To accommodate the requirements of the project, new risers and conduit may be needed and soffits may need to be constructed to permit the routing of cable. Additionally, to permit pulling of new cables, access panels may need to be installed. To house the main fire alarm control panel and/or remote panels, new fire resistant assemblies may need to be constructed.
  4. Project Scheduling Conflicts with Building Operations: Most fire alarm upgrade and replacement projects are undertaken in operating buildings. As such, installation and testing of a new fire alarm system may have significant impact on building operations.

    An installation plan must be developed at the inception of the project, detail added as information becomes available and regular updates made as the work unfolds. The project plan must comprehensively account for all uses of the building during the project. Since fire alarm replacement projects extend for some length of time, not only must the standard uses of the building be fully understood but other renovation projects planned for the building, particularly those that may impact the location of fire alarm devices.
  5. Aesthetics Concerns: Like other building systems, fire alarm devices should blend harmoniously with the balance of the building. Further, the changes to locations of devices must account for requirements to return the surfaces to an acceptable condition.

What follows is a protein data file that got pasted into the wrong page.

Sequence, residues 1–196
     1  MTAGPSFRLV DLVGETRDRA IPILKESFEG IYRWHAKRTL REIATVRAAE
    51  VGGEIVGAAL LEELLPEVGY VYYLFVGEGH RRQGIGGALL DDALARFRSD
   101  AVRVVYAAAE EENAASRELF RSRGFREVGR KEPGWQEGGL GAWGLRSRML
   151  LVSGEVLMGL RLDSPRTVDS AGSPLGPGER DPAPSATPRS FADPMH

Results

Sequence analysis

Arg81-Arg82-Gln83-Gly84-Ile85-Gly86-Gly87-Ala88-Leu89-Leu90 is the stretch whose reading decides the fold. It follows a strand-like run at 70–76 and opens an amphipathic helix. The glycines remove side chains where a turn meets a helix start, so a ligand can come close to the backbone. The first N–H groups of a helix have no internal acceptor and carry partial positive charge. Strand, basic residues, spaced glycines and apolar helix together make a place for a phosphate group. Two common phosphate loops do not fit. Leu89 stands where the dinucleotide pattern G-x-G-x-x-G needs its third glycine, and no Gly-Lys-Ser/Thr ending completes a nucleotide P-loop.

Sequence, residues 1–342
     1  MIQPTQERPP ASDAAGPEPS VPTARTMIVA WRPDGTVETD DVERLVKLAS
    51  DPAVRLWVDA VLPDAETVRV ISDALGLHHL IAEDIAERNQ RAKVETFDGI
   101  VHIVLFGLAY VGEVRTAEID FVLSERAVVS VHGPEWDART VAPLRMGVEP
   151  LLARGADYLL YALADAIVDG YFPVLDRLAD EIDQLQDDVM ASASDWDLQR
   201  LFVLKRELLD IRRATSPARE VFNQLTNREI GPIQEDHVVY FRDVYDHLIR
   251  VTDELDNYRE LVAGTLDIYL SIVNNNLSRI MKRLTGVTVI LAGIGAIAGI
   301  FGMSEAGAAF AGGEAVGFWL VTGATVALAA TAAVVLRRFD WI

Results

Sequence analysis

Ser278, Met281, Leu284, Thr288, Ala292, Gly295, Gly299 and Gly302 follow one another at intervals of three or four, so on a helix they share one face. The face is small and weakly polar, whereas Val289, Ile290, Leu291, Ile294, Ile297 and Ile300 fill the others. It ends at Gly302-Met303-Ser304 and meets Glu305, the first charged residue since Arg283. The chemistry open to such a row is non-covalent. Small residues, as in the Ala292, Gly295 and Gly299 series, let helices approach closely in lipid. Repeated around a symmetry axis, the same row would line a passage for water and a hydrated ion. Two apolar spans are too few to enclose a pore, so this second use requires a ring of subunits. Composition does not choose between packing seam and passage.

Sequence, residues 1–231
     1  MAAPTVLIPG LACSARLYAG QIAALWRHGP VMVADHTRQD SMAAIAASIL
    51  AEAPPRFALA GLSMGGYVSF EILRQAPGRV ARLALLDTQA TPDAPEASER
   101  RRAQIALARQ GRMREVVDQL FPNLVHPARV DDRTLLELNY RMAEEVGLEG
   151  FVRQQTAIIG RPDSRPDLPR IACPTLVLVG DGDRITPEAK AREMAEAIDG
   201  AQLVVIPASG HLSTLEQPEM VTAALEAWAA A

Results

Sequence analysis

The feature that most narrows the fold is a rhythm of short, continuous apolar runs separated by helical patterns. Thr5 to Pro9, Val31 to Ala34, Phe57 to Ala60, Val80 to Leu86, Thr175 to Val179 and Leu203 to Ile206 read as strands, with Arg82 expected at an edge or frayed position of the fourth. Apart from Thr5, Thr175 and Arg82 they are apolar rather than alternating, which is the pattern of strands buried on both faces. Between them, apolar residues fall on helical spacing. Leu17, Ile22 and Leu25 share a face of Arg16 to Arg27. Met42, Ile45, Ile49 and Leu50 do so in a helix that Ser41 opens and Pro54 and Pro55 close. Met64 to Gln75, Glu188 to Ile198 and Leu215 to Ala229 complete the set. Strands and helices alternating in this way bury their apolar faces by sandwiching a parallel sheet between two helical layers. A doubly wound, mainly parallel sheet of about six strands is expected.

The appearance of the system should be discussed at the inception of the work. Acceptable devices (including color), mounting methods, use of surface mounted conduit or raceway, and the requirements to return surfaces from where fire alarm devices may have been removed should be thoroughly understood.

    The costs and schedule for work involving a building which will permit the use of surface mounted conduit and simple cover plates for use at existing locations will vary significantly from work in a building where no surface mounting of conduit is permitted and abandoned locations must be patched and either painted or covered with vinyl to match adjoining surfaces.
  6. Maintenance of Required Level of Protection: Of greatest importance in an existing, occupied building is the protection of building occupants. The level of protection afforded to building occupants can not be diminished during execution of the project.

    The project schedule must address how, at a minimum, existing levels of protection will be maintained throughout the project. Additionally, this issue can be addressed through a detailed changeover plan, training of the building staff in the use of the new equipment as it is brought on line, regular updates on the pace of the work and the use of fire watches.
  7. Testing and Acceptance Requirements: The manner and timing of system testing, particularly in an occupied building, may be disruptive to the operations in the building.

    Good planning and workmanlike installation, from the initial stages of the project, are the chief methods to minimize the impact of testing on building operations and avoid retesting. In non-"24/7" buildings, testing can often be completed after-hours. For "24/7" operations, testing will have some degree of impact on operations. Often, testing can be completed during periods with minimal use of the building; in those cases good communications through signage, letters or emails to tenants/occupants and strict attention to the schedule is a must. Where a long turn-over schedule exists and multiple series of testing must be accomplished, consideration should be given to using music to retest speaker circuits that have already passed sound tests.

    Documentation of testing is an often overlooked step in the process. Complete, detailed records must be maintained to insure that testing is completed and to avoid retesting of an area or item of equipment.

1NFPA 72, "National Fire Alarm Code," National Fire Protection Association, Quincy, MA, USA, 2002.

Byron Briese and Robert Libby are with Rolf Jensen & Associates